How does it work?

A flash drive plugs into your computer through the USB port and once connected, you can copy or drag and drop files onto it. Once disconnected, those files will live on the flash drive until you remove them.

Potential drawbacks?

Flash drives can break down overtime, fail or become corrupted, rendering them useless. You won't be able to access your files if any of these things happen. It's unlikely that a newer flash drive will fail, but it can happen.

What should I buy?

Flash drives are smaller than external hard drives and thus offer less storage space. The biggest drives you can typically buy have 256GB of storage space, enough for a few thousand documents or photos, depending on file size. They are best suited for people with just a handful of files to backup and are especially great for students to backup schoolwork.

These drives range in price from a few dollars up to $100-plus, so pick a size and style of drive that you think will work for your storage needs and lifestyle.

Cloud storage keeps your files backed up on a server away from your home or office. Nicole Cozma/CNET

Method No. 3: Cloud storage

What is it?

Cloud storage is system where you move your files from your computer to a server in a data center, away from your home or work. A cloud storage company uses those servers to offer a certain amount of space that you essentially rent to store your files.

How does it work?

Once you sign up for a cloud storage service, you can upload files with a desktop application or through the company's website over the Internet. With an Internet connection, you can view, modify and delete files stored in your cloud storage account at anytime, from any computer or mobile device. You can move files back onto your computer whenever you want.

Potential drawbacks?

Though cloud storage is a great backup option, there are a few risks. Cloud storage services can be and have been hacked, most recently in 2014 when a security breach of Apple's iCloud service exposed several celebrity photos.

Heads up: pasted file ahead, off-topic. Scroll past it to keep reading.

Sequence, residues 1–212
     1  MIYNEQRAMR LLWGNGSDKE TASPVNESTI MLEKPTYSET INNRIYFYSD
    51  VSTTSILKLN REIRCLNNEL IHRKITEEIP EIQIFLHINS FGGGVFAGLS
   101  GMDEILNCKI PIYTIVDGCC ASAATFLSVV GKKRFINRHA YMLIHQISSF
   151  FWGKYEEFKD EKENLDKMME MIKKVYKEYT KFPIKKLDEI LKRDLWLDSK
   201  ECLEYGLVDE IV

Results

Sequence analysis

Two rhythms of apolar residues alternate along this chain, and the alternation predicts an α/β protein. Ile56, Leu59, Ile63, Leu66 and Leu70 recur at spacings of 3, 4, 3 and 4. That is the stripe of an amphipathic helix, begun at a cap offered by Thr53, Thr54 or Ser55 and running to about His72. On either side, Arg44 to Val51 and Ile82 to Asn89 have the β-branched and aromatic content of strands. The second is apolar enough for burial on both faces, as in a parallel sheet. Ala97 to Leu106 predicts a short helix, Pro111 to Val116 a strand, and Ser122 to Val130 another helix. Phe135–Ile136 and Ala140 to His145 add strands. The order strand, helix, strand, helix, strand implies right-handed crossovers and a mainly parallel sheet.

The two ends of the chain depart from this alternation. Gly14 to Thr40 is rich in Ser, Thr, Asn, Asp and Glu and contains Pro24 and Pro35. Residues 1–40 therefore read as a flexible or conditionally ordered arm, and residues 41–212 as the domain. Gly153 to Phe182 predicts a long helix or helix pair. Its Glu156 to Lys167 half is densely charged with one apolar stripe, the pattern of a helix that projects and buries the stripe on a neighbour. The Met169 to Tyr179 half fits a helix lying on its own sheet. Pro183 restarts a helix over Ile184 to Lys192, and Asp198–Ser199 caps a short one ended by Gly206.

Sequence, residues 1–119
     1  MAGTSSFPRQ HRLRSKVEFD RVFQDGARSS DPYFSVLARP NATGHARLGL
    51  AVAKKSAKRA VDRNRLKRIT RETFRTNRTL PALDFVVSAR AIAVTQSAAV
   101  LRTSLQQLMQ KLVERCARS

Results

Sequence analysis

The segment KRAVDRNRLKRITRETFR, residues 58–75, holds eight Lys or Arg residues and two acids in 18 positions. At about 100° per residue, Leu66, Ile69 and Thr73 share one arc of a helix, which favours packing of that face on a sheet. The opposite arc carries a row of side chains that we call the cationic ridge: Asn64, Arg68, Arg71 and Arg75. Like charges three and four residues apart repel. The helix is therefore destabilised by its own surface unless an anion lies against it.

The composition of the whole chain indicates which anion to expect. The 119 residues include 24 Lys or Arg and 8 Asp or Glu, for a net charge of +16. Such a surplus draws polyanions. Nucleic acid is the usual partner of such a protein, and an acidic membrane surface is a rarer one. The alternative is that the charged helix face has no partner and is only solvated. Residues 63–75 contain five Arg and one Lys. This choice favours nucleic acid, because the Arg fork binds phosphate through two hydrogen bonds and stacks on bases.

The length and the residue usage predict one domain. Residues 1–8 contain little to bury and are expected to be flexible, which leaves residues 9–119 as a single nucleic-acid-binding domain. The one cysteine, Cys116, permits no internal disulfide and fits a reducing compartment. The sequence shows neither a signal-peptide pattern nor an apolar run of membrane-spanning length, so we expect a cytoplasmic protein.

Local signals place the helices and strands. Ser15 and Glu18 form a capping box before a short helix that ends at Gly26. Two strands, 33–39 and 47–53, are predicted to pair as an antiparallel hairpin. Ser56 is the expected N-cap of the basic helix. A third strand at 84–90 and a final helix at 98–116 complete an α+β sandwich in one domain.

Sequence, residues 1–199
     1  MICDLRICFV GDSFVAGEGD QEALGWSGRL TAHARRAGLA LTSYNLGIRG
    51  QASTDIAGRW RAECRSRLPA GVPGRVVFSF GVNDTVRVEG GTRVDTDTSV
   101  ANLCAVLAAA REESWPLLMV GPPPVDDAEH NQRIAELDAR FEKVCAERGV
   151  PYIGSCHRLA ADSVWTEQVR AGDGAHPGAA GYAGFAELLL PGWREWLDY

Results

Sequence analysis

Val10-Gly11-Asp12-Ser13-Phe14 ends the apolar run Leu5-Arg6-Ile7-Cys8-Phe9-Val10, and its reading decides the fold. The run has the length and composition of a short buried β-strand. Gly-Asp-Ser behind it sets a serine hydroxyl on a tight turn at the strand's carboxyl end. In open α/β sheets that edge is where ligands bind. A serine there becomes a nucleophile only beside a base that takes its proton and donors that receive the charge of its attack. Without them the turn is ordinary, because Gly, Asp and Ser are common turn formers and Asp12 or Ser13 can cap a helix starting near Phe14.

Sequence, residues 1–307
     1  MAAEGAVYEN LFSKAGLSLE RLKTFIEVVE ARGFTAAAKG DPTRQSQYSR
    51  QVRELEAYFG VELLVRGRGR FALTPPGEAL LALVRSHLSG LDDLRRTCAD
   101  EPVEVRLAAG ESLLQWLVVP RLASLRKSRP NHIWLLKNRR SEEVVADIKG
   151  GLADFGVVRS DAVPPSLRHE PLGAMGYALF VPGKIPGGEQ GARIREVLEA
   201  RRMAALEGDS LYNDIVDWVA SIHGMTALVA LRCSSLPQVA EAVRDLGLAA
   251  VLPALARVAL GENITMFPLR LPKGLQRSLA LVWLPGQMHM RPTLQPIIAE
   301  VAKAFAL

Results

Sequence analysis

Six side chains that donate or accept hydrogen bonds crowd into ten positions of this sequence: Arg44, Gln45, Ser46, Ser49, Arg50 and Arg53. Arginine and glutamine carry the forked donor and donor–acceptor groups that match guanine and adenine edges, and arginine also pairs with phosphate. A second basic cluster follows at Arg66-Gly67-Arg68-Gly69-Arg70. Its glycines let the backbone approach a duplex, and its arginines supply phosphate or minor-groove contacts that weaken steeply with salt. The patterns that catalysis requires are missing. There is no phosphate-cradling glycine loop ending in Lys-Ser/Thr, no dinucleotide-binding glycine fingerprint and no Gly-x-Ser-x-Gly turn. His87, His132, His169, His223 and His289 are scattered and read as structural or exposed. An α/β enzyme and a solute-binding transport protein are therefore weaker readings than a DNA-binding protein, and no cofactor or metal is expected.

Another risk is if the cloud storage company goes out of business and shuts down operations, which happened with smaller cloud storage service Firedrive. If this happens, you won't be able to access any of the files you've stored in your account.

Other drawbacks include files taking a long time to upload to your cloud folder, which can eat up your Internet bandwidth and slow down your connection temporarily. Additionally, without an Internet connection, you might not be able to access any files stored in your account.

What should I buy?

Cloud storage is inexpensive, with many companies giving you small amounts of free storage. For a monthly fee, starting around $10, you can get extra space. Cloud storage is a great choice for anyone who wants to back up photos, since many companies have mobile apps that automatically upload photos and video you take with a phone or tablet, right after you record them.

For help picking a cloud storage service, check out CNET's comprehensive guide to the most popular choices.

Network-attached storage devices offer an advanced kind of storage. Dong Ngo/CNET

Extra credit

The different storage methods mentioned above are great for anyone, since they are easy to use and usually inexpensive. But if you need a more advanced option, there's the complete backup and network attached storage (NAS).

Programs such as CrashPlan and Carbonite continuously back up entire folders on your hard drive, instead of just a few files that you choose. Those applications can also back up your entire hard drive, if you want them to. Then there are tools that take a system image of your machine -- basically a snapshot of all of the files and settings at a particular time -- that you can use in case your computer crashes or you somehow lose a large swath of files. On Mac, the built-in Time Machine program does this, while Windows has its own system image backup tool.

For more robust local storage that's also available online, there's NAS. A NAS server is essentially one or more hard drives connected to your computer over an Internet connection. It's like your own personal cloud. They can be pricy and a bit complicated to set up, but for serious storage needs, they are well worth it. Read more about them in CNET's picks for the top five affordable NAS servers.